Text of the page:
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As a trauma therapist, I love using EMDR (Eye-Movement Desensitization and Reprocessing) to allow people to heal, process, and begin trauma recovery. It is a very effective therapy and I invite you to learn more about it here.

As you start using EMDR, your therapist will likely tell you to give yourself a little time after your session ends. I recommend blocking 30 minutes post session before you start moving into the rest of your day. The reason for this is that you are still processing even after the session ends. Some people describe feeling foggy or more sensitive- this may include emotionally but also physically. You may feel a heightened sensitivity to light or sound or just feel a little tired. Resting for a short period of time or perhaps going for a walk can allow you to refocus and shake that foggy feeling.

Some people also report things later on, maybe a new memory, or a dream. I recommend jotting it down so you can talk about it next session or using your “container”. A container can be real or imagined. You could keep a box, write down the thought and put it away inside. The imagined version might be to think of an actual container – like a safe or a vault – where you can imagine locking those thoughts away.  Make sure your container is strong enough so those thoughts stay there until it’s appropriate to come back to them.  After you have those thoughts contained, take a few moments to imagine being in a peaceful place. Focus on belly breathing while you imagine what you’re seeing, hearing, feeling, smelling, and tasting in your peaceful place. For those who don’t like using a container, try distraction instead.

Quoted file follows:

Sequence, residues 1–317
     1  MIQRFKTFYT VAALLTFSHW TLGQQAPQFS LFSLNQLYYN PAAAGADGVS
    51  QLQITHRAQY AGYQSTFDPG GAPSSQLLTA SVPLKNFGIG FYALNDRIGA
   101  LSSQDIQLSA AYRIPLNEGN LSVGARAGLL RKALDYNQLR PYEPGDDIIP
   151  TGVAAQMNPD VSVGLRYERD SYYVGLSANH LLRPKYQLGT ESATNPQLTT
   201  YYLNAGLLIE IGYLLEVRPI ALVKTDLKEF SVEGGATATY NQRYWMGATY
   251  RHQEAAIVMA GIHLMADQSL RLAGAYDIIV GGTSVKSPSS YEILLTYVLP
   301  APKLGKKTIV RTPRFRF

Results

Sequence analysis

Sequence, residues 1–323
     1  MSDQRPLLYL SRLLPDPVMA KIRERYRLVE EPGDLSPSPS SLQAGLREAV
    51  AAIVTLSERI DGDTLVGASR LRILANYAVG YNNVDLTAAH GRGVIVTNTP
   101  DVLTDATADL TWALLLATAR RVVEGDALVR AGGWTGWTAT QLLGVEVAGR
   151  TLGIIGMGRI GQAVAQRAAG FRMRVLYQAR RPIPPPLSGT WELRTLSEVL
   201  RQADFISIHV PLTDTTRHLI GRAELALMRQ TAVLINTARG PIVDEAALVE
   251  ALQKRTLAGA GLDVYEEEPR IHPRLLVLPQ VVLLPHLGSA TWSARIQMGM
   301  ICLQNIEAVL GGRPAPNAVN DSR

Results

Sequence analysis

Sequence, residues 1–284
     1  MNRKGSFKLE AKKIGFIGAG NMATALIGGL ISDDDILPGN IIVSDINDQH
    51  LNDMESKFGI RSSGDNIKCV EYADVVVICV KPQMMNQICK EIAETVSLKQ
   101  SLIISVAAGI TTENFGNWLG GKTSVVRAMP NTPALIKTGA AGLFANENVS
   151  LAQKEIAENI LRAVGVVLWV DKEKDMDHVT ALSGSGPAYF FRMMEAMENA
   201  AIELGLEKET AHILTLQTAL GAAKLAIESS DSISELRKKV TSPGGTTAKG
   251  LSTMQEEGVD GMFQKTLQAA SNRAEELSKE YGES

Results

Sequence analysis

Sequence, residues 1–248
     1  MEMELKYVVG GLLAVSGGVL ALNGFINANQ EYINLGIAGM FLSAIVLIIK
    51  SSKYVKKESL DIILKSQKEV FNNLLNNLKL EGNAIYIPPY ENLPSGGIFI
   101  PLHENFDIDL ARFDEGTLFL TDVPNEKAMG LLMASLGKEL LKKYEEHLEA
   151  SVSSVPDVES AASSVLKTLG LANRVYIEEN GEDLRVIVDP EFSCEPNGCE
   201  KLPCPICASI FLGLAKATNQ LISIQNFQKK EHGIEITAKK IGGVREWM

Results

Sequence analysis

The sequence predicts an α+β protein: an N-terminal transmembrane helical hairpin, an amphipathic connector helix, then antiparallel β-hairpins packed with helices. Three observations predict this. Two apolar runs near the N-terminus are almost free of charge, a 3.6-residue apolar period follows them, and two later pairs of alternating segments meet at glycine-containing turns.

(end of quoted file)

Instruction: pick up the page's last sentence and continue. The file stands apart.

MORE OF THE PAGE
Tips, tricks, and distractions post EMDR include:

  1. Drink lots of water.
  2. Get to bed at a reasonable time.
  3. Feeling extra emotional? Put on your favorite record, take a minute to breathe deeply, watch a movie, take a bath. Do something that you enjoy and find relaxing.
  4. Try a 5 senses mindfulness activity. Drink a really cold glass of water and feel it go down your throat.
  5. Do a grounding exercise.
  6. Try yoga: I recommend Yoga with Adrienne-try this one that is specific to trauma recovery
  7. I’m Aware: For this exercise, pick a color and look around wherever you are, then say out loud all the things you see that are that color. The out loud part is key. You are able to have many thoughts at once in your mind, saying it out loud brings focus and truer attention to what you are doing and is more mentally grounding. 

 

Photo Credits:

Photo by Drew Coffman on Unsplash

Photo by Seven Shooter on Unsplash